Island of Cyprus #1 (Initial Thoughts)

Last year I went on a 5-day trip to Cyprus with a friend. This was part of my project to visit all of the sites that Paul traveled to, and to include them on a new “Greek Islands” CD in the Pictorial Library series. At the end of the trip, I sat down and wrote a series of posts for the blog, which I never got around to posting. Now with the end-of-the-semester time crunch, this is a good opportunity to share these, with the hope that they are both instructive and enjoyable.

I’ll start with some of the negatives, moving to some of the more positive experiences and insights in later posts. Overall, I would characterize this trip as less enjoyable to me than other trips because:

1. There are only two biblical sites (Salamis and Paphos) and the connection there is very limited; furthermore, there is nothing at the sites that you can directly connect with the biblical account.

2. The weather was overcast more than sunny, making photographs more dreary. I would recommend visiting in April instead of March.

3. The costs were significantly higher than expected (e.g., $80/day for rental car; $45 for a cheap hotel).

4. Cyprus history is not well known to me, and as I learned more about it, I would confess that it did not become very exciting to me. There are connections with Israel/Canaan, but these are less than one might expect. The Myceneans and Minoans, who I would expect to have more of a connection with this island, don’t seem to. There is not much evidence of Jewish presence.

5. The divided nature of the island adds another challenge to travel logistics. It did seem to me that there was no control at the border, such that we could have stayed many days on the northern side and the Greeks wouldn’t know (though the rules say you can’t stay overnight). They didn’t stamp or record our passport when we left, and no one looked at it when we came back in. I could have used another day on the northern side to visit Kyrenia and some sites to its west.

6. They drive on the “wrong” side of the road here (as a former British colony). You drive from the “passenger” seat, and shift gears with your left hand. Of course you learn how to do all of this when starting at the rental car agency in the middle of the big city’s downtown.

7. Most of the sites were not well-marked, so oftentimes we didn’t know what we were looking at. And there were not brochures to explain it either. I don’t know of a good archaeological guide with plans of all of the sites. The Fant & Reddish book was helpful for what it covered.

8. The ruins are not dramatic. There are three sites that have more to see: Salamis, Kourion, and Paphos. But compared with other sites (such as in Egypt, Turkey, Greece, Rome), these are just not impressive.

9. We were a little too early in the season to see all of the colors of spring. The coastal areas were quite green and had flowers, but the mountains were still coming out of winter.

10. Cyprus is largely a tourist vacation spot today, and in many ways it seemed like a great place to come and spend a week with our wives. But it wasn’t warm, we didn’t spend any time at the beach, and our wives were not with us.


2 thoughts on “Island of Cyprus #1 (Initial Thoughts)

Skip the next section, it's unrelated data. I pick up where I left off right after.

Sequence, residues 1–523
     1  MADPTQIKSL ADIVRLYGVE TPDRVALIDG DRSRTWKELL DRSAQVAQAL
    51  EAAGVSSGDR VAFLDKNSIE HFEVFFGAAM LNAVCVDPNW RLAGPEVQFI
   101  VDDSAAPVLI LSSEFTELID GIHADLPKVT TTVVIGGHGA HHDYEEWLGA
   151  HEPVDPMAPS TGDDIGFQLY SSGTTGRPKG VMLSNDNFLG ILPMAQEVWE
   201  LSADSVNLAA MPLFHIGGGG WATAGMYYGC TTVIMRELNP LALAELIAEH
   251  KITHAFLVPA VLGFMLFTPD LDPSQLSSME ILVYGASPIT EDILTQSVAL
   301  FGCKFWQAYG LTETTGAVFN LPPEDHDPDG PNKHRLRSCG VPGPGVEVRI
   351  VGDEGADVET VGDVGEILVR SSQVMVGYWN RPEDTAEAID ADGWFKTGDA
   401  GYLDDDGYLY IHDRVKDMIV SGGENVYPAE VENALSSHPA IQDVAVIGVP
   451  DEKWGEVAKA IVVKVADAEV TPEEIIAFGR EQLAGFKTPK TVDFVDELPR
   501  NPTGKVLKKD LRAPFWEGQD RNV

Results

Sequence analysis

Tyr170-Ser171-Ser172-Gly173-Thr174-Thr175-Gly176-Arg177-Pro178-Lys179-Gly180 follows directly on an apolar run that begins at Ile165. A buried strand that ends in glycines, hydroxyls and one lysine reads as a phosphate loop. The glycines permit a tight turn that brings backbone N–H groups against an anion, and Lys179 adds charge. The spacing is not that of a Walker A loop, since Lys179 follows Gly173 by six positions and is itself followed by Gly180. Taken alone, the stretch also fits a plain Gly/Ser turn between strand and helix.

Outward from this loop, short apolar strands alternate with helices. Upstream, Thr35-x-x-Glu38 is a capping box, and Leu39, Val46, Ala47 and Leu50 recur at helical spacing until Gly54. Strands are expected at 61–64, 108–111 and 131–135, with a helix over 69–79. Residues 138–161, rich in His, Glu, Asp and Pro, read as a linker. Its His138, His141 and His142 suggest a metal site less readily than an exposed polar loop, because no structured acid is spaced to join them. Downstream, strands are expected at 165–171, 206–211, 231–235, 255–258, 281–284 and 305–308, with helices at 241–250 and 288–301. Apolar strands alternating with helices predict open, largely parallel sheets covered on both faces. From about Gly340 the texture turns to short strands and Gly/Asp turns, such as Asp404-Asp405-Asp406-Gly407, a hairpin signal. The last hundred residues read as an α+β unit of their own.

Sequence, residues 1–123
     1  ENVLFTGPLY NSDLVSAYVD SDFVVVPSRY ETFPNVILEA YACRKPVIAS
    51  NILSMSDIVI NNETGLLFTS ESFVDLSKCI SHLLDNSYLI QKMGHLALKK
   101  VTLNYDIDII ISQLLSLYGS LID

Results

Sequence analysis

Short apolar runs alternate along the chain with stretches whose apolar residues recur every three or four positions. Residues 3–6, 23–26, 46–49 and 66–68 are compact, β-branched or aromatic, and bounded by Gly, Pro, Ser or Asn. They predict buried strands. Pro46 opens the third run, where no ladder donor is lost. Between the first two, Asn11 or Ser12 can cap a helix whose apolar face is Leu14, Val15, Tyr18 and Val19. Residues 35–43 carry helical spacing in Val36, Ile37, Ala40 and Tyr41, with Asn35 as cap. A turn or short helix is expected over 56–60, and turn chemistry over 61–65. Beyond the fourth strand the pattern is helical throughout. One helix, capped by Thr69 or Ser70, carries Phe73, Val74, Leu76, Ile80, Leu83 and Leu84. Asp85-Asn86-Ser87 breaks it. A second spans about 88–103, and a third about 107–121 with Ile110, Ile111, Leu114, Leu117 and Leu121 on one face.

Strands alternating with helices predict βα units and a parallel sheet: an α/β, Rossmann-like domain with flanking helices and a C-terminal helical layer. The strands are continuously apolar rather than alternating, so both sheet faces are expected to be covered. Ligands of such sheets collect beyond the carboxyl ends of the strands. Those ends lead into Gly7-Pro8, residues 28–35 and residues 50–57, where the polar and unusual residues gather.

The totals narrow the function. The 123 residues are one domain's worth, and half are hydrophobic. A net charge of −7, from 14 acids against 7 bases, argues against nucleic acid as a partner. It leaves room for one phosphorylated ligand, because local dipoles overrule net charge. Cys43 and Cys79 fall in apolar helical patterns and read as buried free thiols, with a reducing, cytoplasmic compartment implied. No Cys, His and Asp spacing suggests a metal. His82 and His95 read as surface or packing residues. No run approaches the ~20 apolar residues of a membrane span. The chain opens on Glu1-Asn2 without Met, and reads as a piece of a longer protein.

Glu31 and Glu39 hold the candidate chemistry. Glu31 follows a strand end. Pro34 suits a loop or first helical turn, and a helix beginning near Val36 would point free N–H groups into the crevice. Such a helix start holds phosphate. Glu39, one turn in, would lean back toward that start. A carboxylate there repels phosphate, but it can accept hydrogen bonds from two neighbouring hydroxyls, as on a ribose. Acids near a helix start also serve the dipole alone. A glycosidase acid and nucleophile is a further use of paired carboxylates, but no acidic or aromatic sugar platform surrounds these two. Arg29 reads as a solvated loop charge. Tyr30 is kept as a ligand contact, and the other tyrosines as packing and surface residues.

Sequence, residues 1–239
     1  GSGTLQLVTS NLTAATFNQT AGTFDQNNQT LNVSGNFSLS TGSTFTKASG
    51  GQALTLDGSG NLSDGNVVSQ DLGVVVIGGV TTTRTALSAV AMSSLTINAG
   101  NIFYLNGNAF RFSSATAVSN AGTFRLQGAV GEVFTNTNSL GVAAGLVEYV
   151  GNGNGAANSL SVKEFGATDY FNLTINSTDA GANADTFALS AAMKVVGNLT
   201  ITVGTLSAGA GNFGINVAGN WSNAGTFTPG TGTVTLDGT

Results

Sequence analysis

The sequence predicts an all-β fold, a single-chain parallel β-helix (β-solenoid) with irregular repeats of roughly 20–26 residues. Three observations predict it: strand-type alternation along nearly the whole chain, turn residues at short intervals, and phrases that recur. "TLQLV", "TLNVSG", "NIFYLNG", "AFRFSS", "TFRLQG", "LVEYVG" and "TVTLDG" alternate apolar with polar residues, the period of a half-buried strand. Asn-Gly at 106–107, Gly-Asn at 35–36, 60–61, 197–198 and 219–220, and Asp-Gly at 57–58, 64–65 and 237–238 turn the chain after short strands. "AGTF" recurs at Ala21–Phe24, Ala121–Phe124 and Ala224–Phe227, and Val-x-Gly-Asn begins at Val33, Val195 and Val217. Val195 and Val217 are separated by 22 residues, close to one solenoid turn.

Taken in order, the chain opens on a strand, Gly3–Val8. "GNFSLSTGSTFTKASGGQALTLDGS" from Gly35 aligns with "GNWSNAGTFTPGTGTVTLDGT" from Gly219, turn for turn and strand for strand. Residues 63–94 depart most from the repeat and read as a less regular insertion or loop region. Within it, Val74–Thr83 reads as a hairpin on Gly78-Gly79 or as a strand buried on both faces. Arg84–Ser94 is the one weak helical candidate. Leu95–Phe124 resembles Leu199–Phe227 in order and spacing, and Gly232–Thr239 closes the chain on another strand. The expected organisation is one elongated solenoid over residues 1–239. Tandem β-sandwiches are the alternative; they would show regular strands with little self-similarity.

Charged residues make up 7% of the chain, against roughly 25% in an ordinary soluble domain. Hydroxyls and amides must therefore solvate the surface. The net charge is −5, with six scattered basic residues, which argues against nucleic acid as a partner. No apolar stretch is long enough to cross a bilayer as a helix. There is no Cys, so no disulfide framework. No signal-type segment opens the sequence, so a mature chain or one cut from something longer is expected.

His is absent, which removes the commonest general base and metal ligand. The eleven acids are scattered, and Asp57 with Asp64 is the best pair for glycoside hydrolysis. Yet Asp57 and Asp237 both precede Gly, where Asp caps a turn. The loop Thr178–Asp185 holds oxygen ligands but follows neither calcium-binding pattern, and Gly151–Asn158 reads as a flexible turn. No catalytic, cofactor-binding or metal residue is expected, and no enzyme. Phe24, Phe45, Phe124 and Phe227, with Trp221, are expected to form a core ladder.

1. There are more ‘biblical sites’ in Cyprus.. example: Larnaca at St. Lazarus Church where St. Lazarus was buried… a ton of biblical history there. Cyprus is also stated in the bible.

    Cyprus is extremely rich in history. Having been influenced by the Roman and Byzantine empire, to name a few. Richard the Lionheart also passed through there. Look for ‘ A history of Cyprus’, a book written by Katia Hadjidemetriou, any bookstore in Cyprus will probably have it. Not sure why you would expect the Mycenaeans and Minoans to have more of a connection with Cyprus… you must be thinking of Crete. Cyprus has other influences by the Assyrians, Egyptians.

    We can thank the Turkish government for the confusing and unnecessary division of the island (and of course with their illegal 1974 occupation). They do all that they can to make it as frustrating as possible to visit the north side of Cyprus. When referring to the people of Cyprus, they are Cypriots, not Greeks. Greeks are from Greece. Cypriots merely speak the greek language and have some Greece influence.

    Many sites are marked with plaques indicating their historical value. Wherever I went, I found brochures readily available.

    There are so many ‘ruins’ in Cyprus that are impressive, but to compare Cyprus (an extremely small island) to the likes of Egypt, Turkey, Rome, Greece) who were all part of Great Alexander’s Empire (settlements in the bigger countries were longer, thus allowing for more influence and bigger constructions to take place), and more obvious, much bigger countries than Cyprus, is comparing figs to oranges !!! J

    The mountains of Cyprus will still have snow in March and even April, as they are at higher altitudes. It’s best to visit May/June when it’s comfortably warm.

    Cyprus has unfortunately become a tourist spot all thanks to the Brits who have migrated there and opened up their own hotels, stores and bars…luring other Brits. The fashion in which they design their stores, bars etc is the same as in Britain, which makes it oxymoronic if a Brit visits Cyprus only to partake in a British culture in Cyprus..!

    March/April would not be a good time to be at the beach as it’s still not summer there. Beach weather begins end of May.


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